One of the sons of Shapur II, Bahram first served as governor of Kerman before succeeding his brother Shapur III on the throne. Although the partition of Armenia with Rome is frequently ascribed to Bahram, it probably occurred in 387, during the reign of his brother Shapur.

Wednesday, July 14, 2004

Lee, Sammy

In 1942, while a student at Occidental College (Los Angeles), Lee won his first national championship with victories in both the 3-metre springboard and 10-metre platform events. Standing only 5 feet 1 inch, Lee utilized his short stature in his dives, tucking tighter and

Tuesday, July 13, 2004


Pinyin  Qiangtang , Tibetan  Byang Thang  enormous alpine basin in the northern part of the Tibetan autonomous ch'ü (region), China. With an average elevation of more than 16,500 feet (5,000 m) above sea level, it lies between the Kunlun Mountains to the north and the T'ang-ku-la Mountains and A-ling Mountains to the south and stretches 800 miles (1,300 km) from the mountain complex called the Pamir Knot in the west to the region of the Tsaidam

Sunday, July 11, 2004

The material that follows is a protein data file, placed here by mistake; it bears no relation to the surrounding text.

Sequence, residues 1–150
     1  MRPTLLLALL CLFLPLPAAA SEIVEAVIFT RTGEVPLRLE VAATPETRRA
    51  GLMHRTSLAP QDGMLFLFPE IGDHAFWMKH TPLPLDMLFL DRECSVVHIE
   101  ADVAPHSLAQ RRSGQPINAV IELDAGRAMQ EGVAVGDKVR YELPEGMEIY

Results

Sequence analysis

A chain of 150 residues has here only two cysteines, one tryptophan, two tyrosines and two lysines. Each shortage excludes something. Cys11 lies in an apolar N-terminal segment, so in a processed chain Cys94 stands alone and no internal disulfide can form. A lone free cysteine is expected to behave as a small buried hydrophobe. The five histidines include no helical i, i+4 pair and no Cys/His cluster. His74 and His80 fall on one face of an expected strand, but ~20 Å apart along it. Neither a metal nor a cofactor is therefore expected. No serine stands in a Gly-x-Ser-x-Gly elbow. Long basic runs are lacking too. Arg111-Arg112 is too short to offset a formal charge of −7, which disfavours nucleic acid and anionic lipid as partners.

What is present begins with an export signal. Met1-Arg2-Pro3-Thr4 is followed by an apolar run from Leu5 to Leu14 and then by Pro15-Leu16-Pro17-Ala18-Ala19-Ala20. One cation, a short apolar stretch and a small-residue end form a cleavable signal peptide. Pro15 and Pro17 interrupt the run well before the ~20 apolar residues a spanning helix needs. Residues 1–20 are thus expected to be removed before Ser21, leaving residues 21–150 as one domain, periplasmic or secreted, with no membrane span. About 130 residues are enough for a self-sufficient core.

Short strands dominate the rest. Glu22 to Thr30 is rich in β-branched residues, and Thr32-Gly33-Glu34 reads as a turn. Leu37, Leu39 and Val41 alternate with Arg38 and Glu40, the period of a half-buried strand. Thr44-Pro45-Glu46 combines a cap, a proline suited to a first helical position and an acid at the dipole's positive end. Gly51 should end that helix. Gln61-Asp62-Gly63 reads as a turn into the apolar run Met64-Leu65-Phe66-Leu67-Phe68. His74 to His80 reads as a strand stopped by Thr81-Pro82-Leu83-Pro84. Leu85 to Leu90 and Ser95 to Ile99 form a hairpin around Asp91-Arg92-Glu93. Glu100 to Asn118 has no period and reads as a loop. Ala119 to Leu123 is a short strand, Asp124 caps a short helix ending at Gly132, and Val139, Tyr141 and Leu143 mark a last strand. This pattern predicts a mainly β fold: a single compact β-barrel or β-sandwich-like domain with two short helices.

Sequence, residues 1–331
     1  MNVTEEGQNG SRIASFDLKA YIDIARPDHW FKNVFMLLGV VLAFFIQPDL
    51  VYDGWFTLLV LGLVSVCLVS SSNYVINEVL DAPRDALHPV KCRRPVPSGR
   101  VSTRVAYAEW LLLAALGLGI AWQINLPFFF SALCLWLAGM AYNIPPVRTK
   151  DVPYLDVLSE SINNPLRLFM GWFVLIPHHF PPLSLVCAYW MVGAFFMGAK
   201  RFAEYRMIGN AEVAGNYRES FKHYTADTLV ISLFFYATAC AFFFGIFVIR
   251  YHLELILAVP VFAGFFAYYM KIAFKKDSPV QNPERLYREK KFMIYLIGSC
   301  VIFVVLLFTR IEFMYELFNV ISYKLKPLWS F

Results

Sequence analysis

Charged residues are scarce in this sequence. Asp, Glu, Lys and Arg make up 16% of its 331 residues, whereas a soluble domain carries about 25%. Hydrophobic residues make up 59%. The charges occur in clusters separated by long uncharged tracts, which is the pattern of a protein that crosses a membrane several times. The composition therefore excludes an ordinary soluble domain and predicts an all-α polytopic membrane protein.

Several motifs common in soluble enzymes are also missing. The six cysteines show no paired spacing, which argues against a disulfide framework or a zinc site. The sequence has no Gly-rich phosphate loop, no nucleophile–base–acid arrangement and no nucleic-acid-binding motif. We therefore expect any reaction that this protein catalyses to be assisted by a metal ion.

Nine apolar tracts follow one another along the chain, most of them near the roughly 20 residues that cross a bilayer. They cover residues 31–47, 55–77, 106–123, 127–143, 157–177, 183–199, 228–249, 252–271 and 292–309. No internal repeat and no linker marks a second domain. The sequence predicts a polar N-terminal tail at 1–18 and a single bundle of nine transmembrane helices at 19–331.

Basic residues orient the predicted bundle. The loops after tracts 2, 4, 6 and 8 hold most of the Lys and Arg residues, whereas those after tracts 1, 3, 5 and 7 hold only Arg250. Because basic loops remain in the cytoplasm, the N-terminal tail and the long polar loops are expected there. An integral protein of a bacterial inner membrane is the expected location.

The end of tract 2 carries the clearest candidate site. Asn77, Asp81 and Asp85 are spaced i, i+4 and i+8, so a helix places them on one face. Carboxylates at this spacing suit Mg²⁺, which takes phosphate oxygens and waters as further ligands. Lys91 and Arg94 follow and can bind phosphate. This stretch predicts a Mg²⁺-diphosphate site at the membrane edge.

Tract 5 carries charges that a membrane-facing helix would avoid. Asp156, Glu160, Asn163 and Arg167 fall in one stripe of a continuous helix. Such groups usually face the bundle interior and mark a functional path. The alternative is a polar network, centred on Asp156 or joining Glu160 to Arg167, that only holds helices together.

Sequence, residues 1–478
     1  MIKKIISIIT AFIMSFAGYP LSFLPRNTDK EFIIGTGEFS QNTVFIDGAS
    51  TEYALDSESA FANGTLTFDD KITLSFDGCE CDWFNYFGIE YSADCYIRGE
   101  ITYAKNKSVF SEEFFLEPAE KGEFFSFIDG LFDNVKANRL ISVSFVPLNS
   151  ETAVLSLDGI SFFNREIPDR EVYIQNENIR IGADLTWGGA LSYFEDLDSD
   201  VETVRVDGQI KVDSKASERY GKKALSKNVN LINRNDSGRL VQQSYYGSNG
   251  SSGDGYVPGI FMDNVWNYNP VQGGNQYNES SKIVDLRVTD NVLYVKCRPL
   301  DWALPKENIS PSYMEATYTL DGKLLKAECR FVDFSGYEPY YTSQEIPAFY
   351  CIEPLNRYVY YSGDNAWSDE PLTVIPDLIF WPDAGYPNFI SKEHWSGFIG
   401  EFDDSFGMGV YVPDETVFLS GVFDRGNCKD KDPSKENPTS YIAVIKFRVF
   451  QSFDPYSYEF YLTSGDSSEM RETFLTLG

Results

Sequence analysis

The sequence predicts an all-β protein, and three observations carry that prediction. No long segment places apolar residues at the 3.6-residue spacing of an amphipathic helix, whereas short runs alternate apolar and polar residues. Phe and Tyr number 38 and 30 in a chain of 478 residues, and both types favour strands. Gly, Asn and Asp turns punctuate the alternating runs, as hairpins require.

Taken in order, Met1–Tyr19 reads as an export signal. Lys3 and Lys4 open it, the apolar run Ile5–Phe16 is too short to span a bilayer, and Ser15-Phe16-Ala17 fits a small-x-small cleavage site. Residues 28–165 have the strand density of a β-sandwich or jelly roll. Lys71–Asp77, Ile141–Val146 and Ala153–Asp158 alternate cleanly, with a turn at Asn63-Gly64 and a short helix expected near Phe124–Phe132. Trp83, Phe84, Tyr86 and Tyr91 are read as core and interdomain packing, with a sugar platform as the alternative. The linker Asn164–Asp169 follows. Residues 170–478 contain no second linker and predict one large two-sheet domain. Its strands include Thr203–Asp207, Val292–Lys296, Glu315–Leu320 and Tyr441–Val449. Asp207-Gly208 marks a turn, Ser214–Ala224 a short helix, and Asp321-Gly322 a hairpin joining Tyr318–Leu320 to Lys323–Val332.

A caste-cluster, or group of many endogamous castes, living chiefly in Maharashtra state, India, and in adjoining states. They mostly speak Marathi, the official language of Maharashtra. In the early 1980s the Mahar community was believed to constitute about 9 percent of the total population of Maharashtra—by far the largest, most widespread, and most important of all the officially


In poetry, the patterned recurrence, within a certain range of regularity, of specific language features, usually features of sound. Although difficult to define, rhythm is readily discriminated by the ear and the mind, having as it does a physiological basis. It is universally agreed to involve qualities of movement, repetition, and pattern and to arise from the poem's

Saturday, July 10, 2004